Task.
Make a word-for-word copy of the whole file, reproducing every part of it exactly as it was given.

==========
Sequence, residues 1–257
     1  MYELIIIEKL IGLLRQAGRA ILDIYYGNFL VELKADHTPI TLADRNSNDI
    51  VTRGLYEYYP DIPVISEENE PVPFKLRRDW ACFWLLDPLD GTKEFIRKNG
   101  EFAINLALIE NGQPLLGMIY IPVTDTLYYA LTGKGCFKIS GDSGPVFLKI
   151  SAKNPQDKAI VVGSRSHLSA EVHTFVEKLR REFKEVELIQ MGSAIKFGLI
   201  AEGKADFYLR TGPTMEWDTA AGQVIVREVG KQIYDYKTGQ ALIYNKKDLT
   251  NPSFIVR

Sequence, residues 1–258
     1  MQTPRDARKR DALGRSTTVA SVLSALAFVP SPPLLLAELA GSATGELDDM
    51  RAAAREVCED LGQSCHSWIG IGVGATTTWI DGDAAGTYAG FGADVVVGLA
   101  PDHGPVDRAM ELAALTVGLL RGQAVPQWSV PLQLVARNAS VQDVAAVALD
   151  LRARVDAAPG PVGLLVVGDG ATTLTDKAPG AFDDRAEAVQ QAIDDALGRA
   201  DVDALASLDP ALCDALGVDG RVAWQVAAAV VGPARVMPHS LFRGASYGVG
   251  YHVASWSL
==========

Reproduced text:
Sequence, residues 1–257
     1  MYELIIIEKL IGLLRQAGRA ILDIYYGNFL VELKADHTPI TLADRNSNDI
    51  VTRGLYEYYP DIPVISEENE PVPFKLRRDW ACFWLLDPLD GTKEFIRKNG
   101  EFAINLALIE NGQPLLGMIY IPVTDTLYYA LTGKGCFKIS GDSGPVFLKI
   151  SAKNPQDKAI VVGSRSHLSA EVHTFVEKLR REFKEVELIQ MGSAIKFGLI
   201  AEGKADFYLR TGPTMEWDTA AGQVIVREVG KQIYDYKTGQ ALIYNKKDLT
   251  NPSFIVR

Sequence, residues 1–258
     1  MQTPRDARKR DALGRSTTVA SVLSALAFVP SPPLLLAELA GSATGELDDM
    51  RAAAREVCED LGQSCHSWIG IGVGATTTWI DGDAAGTYAG FGADVVVGLA
   101  PDHGPVDRAM ELAALTVGLL RGQAVPQWSV PLQLVARNAS VQDVAAVALD
   151  LRARVDAAPG PVGLLVVGDG ATTLTDKAPG AFDDRAEAVQ QAIDDALGRA
   201  DVDALASLDP ALCDALGVDG RVAWQVAAAV VGPARVMPHS LFRGASYGVG
   251  YHVASWSL